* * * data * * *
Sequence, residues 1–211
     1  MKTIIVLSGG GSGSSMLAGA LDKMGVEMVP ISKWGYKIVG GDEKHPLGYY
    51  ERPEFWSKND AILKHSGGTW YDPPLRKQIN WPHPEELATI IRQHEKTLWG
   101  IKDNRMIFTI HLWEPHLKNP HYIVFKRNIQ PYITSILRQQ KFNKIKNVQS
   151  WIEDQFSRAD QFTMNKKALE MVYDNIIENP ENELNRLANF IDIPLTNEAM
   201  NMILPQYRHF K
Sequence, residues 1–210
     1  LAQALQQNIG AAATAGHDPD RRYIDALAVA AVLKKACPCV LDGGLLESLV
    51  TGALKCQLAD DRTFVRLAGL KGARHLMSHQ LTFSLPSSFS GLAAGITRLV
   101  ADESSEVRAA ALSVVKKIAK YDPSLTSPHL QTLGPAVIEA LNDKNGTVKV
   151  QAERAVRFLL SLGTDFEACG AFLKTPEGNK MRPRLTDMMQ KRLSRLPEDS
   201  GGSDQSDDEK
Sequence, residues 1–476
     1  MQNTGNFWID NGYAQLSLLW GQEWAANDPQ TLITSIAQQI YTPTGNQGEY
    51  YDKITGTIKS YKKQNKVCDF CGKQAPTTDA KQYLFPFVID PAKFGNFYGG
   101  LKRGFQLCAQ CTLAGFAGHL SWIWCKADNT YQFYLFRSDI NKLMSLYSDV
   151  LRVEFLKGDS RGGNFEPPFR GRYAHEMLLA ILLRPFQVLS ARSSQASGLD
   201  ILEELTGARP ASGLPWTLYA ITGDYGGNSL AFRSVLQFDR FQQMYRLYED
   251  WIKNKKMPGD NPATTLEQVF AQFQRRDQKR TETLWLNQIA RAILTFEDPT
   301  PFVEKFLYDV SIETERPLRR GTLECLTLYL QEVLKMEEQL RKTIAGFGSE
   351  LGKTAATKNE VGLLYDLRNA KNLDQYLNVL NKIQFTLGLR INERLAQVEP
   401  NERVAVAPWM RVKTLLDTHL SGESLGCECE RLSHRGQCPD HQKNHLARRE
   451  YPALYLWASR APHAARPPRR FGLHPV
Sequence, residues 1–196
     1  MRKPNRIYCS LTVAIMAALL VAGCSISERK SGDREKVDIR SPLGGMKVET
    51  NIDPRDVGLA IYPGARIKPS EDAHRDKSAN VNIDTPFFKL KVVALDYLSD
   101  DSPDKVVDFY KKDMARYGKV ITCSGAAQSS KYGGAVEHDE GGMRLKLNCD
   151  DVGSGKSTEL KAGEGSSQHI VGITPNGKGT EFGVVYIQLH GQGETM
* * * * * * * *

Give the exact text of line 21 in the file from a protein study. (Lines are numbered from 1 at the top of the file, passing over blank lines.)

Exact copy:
   351  LGKTAATKNE VGLLYDLRNA KNLDQYLNVL NKIQFTLGLR INERLAQVEP